Bitcoin trades at five-year low, but value remains strong

Trading activity in August has fallen by over 94 percent compared to March this year.
Ameya Paleja
Artist's rendering of a Bitcoin
Artist's rendering of a Bitcoin


Far from its all-time high values, cryptocurrency Bitcoin is failing to attract interest from traders, as per a recent report of trading volumes at crypto exchanges, CNBC reported. An analysis conducted by a data analytics firm found trading volumes were at an all-time low in five years, matching those of the pre-pandemic years.

The interest in Bitcoin surged during the COVID-19 pandemic as the world economy came to a grinding halt. As investors looked to park their funds in rising assets, Bitcoin became a top favorite, and its valuation soared to all-time highs of over $68,000.

Countries like El Salvador adopted Bitcoin as an official currency and even distributed it accessible to citizens willing to experiment with it. However, as the wheels of the global economy began turning again, Bitcoin lost its sheen, and its value plummeted. So has investor interest in it.

Bitcoin trading volumes

Data analytics firm Cryptoquant analyzed numbers from the spot and derivatives market for Bitcoin and found that the cryptocurrency trading volume was 129,307 BTC last week. Earlier this month, the volume dipped to 112,317 BTC, the lowest since November 2018.

The dip in the trading volume is pretty sharp, considering that just in March this year, Bitcoin trade volumes were around 3.5 million and dropped nearly 94 percent in the following months.

Cryptoquant's head of research, Julio Moreno, told CNBC that these numbers were typical of bear markets where retail investors were deserting an asset and volumes could pick up as one entered a bullish phase.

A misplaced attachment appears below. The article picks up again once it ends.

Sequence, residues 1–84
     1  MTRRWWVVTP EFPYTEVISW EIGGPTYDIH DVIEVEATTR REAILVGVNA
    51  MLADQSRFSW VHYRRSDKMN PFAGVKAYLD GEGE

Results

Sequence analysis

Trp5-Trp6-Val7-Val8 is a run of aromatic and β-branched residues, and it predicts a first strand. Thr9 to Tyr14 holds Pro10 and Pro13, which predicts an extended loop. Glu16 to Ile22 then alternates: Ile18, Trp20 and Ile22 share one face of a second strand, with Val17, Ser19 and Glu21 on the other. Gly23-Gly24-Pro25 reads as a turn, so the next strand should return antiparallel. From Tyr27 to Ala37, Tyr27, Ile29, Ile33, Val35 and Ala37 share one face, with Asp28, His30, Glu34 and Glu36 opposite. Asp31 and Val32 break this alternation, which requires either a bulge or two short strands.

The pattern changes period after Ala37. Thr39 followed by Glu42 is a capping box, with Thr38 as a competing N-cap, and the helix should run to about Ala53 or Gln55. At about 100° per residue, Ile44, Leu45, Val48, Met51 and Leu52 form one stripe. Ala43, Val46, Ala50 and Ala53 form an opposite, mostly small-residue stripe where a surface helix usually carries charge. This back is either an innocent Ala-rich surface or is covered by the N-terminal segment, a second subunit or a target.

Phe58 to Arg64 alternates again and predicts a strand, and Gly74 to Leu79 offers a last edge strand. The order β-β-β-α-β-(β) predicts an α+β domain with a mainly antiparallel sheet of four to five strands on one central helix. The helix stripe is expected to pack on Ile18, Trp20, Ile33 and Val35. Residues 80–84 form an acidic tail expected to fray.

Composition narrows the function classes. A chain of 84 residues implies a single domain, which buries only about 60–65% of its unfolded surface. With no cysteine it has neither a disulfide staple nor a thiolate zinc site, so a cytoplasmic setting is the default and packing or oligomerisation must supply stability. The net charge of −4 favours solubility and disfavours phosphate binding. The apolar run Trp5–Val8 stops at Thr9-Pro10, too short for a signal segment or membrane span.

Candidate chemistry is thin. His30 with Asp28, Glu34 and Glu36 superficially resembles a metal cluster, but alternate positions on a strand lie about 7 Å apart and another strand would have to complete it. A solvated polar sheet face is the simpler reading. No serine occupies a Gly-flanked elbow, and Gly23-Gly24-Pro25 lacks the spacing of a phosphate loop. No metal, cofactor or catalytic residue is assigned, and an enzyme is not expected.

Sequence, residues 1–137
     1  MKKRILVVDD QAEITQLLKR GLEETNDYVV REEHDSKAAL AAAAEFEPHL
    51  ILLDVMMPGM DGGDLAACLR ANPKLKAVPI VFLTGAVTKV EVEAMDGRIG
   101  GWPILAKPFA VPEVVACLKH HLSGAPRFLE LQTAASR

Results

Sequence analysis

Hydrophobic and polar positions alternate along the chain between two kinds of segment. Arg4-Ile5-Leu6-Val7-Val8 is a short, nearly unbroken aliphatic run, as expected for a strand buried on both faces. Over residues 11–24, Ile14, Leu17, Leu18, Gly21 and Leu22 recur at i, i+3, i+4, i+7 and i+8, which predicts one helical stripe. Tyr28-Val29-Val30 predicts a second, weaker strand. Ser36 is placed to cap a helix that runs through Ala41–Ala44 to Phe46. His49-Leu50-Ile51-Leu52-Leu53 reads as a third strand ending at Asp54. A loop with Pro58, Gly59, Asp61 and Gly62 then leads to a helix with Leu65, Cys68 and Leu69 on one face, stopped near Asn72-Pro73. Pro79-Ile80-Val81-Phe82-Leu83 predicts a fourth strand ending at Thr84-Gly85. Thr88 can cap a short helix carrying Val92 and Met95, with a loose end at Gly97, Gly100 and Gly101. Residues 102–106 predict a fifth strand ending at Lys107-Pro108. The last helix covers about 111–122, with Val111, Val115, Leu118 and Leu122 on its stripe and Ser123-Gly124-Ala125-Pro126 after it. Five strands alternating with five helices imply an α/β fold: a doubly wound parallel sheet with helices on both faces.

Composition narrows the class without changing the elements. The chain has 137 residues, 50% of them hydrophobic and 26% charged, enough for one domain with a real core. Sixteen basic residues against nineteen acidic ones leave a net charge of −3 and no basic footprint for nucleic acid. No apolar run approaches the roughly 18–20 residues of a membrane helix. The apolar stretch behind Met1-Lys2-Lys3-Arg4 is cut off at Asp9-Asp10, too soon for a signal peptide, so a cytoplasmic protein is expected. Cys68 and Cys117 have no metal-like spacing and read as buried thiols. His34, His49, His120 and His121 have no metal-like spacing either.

Will Bitcoin pick up again?

Bitcoin trades at five-year low, but value remains strong
Bitcoin value stays strong though its has plummeted from its all time high

Toward the end of last year, US regulators came down heavily on crypto exchanges, which saw FTX collapse and Binance being sued later. A banking crisis in May led investors to avoid risky assets like cryptocurrencies, which also saw a Bitcoin sell-off in mid-August.

Trading volumes have remained low since. Experts believe that trades will pick up again after the next halving of Bitcoin rewards, expected in April or May next year. If there were any solace from this episode, it would be the value of Bitcoin, which is hovering around $26,000, an improvement over last year's pricing.

Cryptocurrencies do not take very long to crash and lose all their valuation, and Bitcoin's gaining strength is a sign of the faith that investors continue to show in the world's most popular crypto coin.

Experts told CNBC that the long-term view of cryptocurrency as an alternative asset continued to be held, and many continued to remain invested in Bitcoin, even though there wasn't any trading activity visible on the ground.

Possibilities of a significant shift in the near term remained low as markets are not seeing much liquidity and are waiting for a catalyst before making big moves. This could happen through approvals from the US Securities and Exchange Commission (SEC) for Bitcoin-related exchange-traded funds.

Long-term investors haven't sold off their Bitcoin, so the interest in the cryptocurrency remains, even though it isn't how it was at the pandemic's peak.

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